What Is Thrush in Babies?

Look for velvety, white patches in your baby’s mouth

Thrush is a type of fungal infection caused by the Candida yeast, the same fungus responsible for yeast infections. Thrush, also known as oral candidiasis, occurs in the mouth and presents as white patches on the inner cheeks, tongue, and top of the mouth.

Thrush in babies refers to a yeast infection in an infant’s tongue and mouth. It is a common condition among infants and young children. 

Thrush may also cause redness, pain, loss of taste, and dry mouth. Thrush in babies occurs when the normal yeast that lives on the skin multiplies and overgrows in the mouth. Babies younger than 1 month old are especially at risk of having thrush. 

geographic tongue, white tongue symptoms, thrush in young children

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Types of Thrush in Babies

While we typically think of thrush as occurring in the mouth, it can also affect the following body parts:

  • Fingernails 
  • Eyes
  • Diaper area (the vagina or groin)
  • Skin folds (armpits or folds in the neck)

Thrush Symptoms in Babies

The classic sign of thrush in babies is white, velvety patches over their tongue and inner cheeks. These patches are sores and may bleed when wiped. Other symptoms include:

  • Redness in the mouth
  • Crying or fussiness
  • Refusing to nurse due to pain

When thrush spreads down your baby’s esophagus, swallowing may become painful. You may notice that your little one refuses the bottle or nursing, as well as the pacifier.

If the yeast enters a baby’s digestive tract and their stool, it may lead to a yeast infection in the diaper area as well. If you notice that your baby has a diaper rash at the same time that they have thrush, they may be experiencing another yeast infection.

A mother will also experience symptoms if she has a yeast infection on her nipples. A mother who is breastfeeding may experience a yeast infection on her nipples due to her child’s thrush, or the thrush could be a result of the mother’s infection.

Frequent signs include nipples that are darker in color, cracked, and sore. She may also experience pain with breastfeeding. This infection requires treatment from your healthcare provider.

A white tongue alone does not mean that your baby has thrush. Many babies have white tongues after drinking milk. The white patches from thrush usually cover multiple surfaces in your child’s mouth and cannot be easily wiped away. When you attempt to wipe them away, the sores may bleed.


Thrush occurs when the yeast Candida albicans begins growing out of control in a baby’s mouth. Yeast thrives in warm, moist places, such as a baby’s mouth. The type of yeast that causes thrush usually lives on our skin and in our bodies without causing issues. However, once the yeast begins to overgrow, an infection can occur.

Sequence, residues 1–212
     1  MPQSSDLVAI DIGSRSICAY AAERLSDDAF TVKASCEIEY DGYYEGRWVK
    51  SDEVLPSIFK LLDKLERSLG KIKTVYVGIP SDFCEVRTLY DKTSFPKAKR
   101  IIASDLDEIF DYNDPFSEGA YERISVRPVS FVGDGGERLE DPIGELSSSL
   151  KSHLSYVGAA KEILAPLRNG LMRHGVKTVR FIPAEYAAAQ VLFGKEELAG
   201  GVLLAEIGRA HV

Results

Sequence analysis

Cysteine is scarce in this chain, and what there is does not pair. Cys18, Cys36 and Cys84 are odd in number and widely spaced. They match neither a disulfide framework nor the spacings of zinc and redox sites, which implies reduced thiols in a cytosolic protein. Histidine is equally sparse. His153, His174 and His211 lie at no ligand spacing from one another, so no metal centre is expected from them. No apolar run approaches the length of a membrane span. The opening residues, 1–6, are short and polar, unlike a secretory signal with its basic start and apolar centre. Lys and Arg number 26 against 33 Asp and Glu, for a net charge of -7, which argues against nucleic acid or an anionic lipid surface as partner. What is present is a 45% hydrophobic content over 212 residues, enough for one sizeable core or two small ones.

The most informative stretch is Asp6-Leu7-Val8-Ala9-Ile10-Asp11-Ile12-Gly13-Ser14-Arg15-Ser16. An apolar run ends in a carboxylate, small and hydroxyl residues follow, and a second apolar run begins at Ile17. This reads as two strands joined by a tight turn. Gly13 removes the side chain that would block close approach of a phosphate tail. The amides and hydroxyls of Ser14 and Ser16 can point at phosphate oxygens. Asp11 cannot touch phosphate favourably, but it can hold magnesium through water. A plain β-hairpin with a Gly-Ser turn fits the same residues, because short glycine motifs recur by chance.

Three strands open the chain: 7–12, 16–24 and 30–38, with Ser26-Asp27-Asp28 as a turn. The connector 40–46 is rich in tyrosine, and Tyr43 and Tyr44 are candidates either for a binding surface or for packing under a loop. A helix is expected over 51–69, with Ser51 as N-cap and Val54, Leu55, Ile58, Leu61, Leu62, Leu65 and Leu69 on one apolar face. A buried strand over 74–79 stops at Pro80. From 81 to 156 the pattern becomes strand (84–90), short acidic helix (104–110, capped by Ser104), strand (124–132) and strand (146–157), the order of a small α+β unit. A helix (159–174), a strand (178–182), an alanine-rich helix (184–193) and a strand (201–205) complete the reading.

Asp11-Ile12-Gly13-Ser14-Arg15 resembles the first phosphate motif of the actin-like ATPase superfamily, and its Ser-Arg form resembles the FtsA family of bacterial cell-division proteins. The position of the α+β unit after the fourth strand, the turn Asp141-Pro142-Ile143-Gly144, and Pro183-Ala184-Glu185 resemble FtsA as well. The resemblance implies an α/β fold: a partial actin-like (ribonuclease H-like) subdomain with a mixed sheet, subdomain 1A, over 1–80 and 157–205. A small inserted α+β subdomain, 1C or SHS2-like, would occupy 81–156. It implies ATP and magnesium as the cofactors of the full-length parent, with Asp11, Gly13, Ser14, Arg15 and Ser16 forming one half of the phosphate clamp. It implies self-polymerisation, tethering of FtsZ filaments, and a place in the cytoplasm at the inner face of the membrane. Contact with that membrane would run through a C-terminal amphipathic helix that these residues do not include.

The most common cause of thrush in babies is related to a nursing mother’s antibiotic use. Antibiotics kill the good bacteria in our bodies that usually keep yeast from overgrowing. Once these bacteria die off, the yeast can grow at an out-of-control rate. This is why it’s common for women to experience a vaginal yeast infection while taking antibiotics.

When a nursing mother takes antibiotics, she is at risk of experiencing a yeast infection of her nipples. Once this happens, it’s likely that the infection will pass on to the baby’s mouth during feedings. Also, if your baby requires antibiotic therapy, they may develop thrush.

A less common cause of thrush in babies can occur during childbirth. If a mother has a vaginal yeast infection, the baby may become infected during labor and delivery. 


Fortunately, thrush is quick and simple to diagnose. Most pediatricians can identify it by looking in your baby’s mouth. The velvety, white patches that cannot be wiped away are classic signs of thrush. Occasionally, your healthcare provider may recommend scraping off a sample of the white patch for lab testing.

When to See the Healthcare Provider

It’s important to see your pediatrician any time you suspect your baby has thrush. Talk with your healthcare provider right away if your baby is refusing to eat or becomes inconsolable. If your baby is refusing to eat, be on the lookout for signs of dehydration. Monitor how many wet diapers your child has, and call your pediatrician if you are concerned.